Football hooliganism has flown under the radar in recent times, especially among the new generation of overseas supporters in the developing world. Native English football fans have a different history to content with – one marred by mindless violence centred around football matches, which peaked a couple of decades back with marauding battalions of fans invading continental cities during European match ups. The kind of wrong reasons football fans make the mainstream news these days, like last season’s controversy about Chelsea fans racially abusing a black man on a Paris train seem extremely tame in comparison to stories of casual war from the recent history of football like when Tottenham Hotspurs fans invaded the unsuspecting, sleepy industrial town of Rotterdam in 1974 after which 70 fans were arrested and more than 200 people injured.

In an era where institutions battling social injustices are increasingly tying up with football clubs in an effort to affect changes at the grassroots, it might be baffling for fans who watch games on TV to hear about clubs being handed out bans for violent behavior in the stands. In the early 2000’s, Ajax’s hooligan fans invaded the pitch in a friendly match against Feyenoord and it took the then Ajax manager Johan Cruyff, arguably the club’s biggest legend, spreading himself over a fallen Robin van Persie to prevent them seriously injuring the Feyenoord youth player at that point. Last September, 10 fans were arrested after they tore down hoardings following Arsenal’s Carling Cup win over Spurs. Four Polish fans of Slask Wroclaw  were arrested following an attack on visiting Sevilla fans in Manchester in October in what was understood to be the continuation of a previous feud between the fans of both clubs. Instances where bombs were hurled, knives were wielded and sometimes even live rounds of ammunition were fired, involving large groups of fans were also reported in places like Chile, Turkey, Amsterdam and Congo among dozens of other places in the last year.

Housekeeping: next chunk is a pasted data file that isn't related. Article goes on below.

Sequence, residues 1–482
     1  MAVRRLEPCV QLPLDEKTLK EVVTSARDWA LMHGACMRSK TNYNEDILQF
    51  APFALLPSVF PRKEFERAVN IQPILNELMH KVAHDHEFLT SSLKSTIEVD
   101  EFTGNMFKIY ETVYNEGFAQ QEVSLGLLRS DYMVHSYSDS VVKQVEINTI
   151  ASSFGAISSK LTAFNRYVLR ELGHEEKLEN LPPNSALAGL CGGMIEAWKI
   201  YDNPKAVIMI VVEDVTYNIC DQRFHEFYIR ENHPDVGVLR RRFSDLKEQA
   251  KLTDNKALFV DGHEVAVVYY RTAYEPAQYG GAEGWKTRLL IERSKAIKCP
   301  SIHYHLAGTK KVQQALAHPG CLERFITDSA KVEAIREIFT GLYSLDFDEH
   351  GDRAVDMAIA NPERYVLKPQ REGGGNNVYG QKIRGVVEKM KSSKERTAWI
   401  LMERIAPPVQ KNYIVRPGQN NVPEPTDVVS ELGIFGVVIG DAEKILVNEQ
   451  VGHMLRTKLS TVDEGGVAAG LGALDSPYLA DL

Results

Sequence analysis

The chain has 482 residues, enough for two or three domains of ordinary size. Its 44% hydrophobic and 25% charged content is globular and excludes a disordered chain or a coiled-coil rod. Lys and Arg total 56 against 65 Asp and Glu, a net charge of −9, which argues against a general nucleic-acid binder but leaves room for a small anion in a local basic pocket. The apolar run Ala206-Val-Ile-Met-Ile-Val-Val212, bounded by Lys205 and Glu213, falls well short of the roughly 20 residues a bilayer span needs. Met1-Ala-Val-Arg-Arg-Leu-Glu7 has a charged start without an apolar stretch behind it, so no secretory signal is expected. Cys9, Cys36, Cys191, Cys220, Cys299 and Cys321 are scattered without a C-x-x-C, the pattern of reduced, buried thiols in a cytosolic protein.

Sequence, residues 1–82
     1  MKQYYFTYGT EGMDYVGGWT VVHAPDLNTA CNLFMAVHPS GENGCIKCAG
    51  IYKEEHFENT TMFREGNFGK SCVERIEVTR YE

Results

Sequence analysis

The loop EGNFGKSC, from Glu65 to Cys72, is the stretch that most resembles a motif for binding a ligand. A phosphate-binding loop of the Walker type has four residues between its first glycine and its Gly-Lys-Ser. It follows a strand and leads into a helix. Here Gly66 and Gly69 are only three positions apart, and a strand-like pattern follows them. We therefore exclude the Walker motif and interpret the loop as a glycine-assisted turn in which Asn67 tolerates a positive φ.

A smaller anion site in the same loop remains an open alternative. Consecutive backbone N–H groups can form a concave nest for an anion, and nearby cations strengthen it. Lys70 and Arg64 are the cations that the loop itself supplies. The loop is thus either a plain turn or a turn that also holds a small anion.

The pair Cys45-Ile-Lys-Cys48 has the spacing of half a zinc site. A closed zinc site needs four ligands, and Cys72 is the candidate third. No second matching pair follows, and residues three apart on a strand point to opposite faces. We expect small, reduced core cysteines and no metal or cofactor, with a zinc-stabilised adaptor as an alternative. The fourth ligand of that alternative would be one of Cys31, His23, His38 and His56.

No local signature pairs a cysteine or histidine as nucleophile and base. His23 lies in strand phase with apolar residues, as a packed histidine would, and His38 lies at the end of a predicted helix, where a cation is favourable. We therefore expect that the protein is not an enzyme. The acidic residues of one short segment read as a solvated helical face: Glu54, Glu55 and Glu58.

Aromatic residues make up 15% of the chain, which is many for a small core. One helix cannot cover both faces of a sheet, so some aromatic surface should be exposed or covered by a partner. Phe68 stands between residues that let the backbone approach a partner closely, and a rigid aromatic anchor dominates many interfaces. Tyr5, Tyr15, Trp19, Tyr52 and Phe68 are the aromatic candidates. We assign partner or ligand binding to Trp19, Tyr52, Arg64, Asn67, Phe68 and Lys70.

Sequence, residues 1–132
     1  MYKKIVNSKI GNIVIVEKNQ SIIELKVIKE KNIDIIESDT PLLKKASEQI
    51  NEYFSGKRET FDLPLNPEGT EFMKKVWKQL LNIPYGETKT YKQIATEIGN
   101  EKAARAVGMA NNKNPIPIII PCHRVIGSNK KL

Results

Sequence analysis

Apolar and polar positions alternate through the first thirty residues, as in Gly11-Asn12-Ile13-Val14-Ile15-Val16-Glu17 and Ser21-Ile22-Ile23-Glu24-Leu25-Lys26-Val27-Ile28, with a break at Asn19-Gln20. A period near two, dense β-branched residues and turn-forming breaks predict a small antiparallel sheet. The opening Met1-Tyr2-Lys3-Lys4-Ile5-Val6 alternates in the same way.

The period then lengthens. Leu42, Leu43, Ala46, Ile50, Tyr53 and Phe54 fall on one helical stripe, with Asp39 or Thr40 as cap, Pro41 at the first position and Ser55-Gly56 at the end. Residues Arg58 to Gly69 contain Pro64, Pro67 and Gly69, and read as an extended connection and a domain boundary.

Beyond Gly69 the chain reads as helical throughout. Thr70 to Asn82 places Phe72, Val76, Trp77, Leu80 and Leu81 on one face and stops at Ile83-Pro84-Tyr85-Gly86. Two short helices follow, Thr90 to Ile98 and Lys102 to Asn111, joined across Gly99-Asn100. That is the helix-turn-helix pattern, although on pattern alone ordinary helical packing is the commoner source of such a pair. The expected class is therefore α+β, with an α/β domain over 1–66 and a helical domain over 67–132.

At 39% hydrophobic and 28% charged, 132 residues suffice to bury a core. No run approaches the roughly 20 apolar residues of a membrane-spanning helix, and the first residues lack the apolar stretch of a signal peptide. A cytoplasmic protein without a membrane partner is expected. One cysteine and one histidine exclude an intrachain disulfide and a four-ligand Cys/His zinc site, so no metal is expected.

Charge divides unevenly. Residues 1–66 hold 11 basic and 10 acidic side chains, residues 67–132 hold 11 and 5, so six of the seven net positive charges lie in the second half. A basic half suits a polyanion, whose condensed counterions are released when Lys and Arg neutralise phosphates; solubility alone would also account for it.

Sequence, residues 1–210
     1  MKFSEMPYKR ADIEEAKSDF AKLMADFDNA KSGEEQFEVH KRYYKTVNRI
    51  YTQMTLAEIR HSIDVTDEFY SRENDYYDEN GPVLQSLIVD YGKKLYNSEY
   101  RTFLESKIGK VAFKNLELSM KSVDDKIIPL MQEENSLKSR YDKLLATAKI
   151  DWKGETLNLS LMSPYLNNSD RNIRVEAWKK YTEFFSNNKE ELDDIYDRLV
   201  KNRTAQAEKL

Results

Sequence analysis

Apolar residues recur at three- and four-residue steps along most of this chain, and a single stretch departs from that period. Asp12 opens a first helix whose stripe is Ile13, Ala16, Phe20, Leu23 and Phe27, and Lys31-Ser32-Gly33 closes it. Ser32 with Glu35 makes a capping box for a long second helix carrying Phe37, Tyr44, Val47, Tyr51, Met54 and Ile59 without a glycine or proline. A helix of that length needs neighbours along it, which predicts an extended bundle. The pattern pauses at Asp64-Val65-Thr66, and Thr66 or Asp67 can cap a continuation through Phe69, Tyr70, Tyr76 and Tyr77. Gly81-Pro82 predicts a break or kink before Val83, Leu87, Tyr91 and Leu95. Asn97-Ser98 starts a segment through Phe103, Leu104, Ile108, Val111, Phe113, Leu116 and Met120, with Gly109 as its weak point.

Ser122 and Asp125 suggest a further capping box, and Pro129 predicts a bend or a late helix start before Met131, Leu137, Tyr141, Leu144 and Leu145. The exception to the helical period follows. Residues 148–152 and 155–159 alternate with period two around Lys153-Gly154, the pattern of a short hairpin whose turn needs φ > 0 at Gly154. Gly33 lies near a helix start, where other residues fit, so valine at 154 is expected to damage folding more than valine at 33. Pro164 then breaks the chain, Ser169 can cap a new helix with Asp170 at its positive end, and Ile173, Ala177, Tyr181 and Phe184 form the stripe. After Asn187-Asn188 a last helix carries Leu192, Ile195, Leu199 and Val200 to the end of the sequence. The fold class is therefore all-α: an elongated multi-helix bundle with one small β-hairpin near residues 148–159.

It is rare for mainstream media houses in England to report incidences of football hooliganism. This is primarily because stadium security has been increasingly tightened over the last decade with huge pre-game preparations especially before traditionally volatile derbies or inter-city rivalries. It is not often the biggest clubs that have the most active fan “firms”. West Ham United, for example, has the legendary Inter City Firm which has taken on and left fans of many bigger clubs like Manchester United’s Red Army, Chelsea’s Headhunters and even lower division teams like Birmingham’s Zulus and Millwall’s Bushwackers maimed and even killed. The 2005 feature film Green Street Hooligans is loosely based on the Inter City Firm. Hooliganism has moved away from stadiums in recent times to away fans ambushing local pubs or squaring off in areas removed from the public eye by mutual invitation, sometimes days before or after the games. The international appeal of the Premier League and the sponsorship implications mean clubs distance themselves from this violence in their names and mainstream journalists follow suit.